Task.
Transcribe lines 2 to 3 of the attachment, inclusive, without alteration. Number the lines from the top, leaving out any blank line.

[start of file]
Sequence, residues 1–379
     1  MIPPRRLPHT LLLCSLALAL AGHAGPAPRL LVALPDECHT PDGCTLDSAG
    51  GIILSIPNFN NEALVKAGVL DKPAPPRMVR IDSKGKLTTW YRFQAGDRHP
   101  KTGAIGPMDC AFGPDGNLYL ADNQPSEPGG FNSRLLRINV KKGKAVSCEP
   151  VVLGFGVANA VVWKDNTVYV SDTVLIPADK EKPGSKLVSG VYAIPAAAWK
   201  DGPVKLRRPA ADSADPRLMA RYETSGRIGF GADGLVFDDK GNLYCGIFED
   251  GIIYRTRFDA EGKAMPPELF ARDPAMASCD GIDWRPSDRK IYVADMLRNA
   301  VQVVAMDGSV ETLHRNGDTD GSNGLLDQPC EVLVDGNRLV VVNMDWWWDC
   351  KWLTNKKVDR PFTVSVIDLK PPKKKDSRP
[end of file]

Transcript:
     1  MIPPRRLPHT LLLCSLALAL AGHAGPAPRL LVALPDECHT PDGCTLDSAG
    51  GIILSIPNFN NEALVKAGVL DKPAPPRMVR IDSKGKLTTW YRFQAGDRHP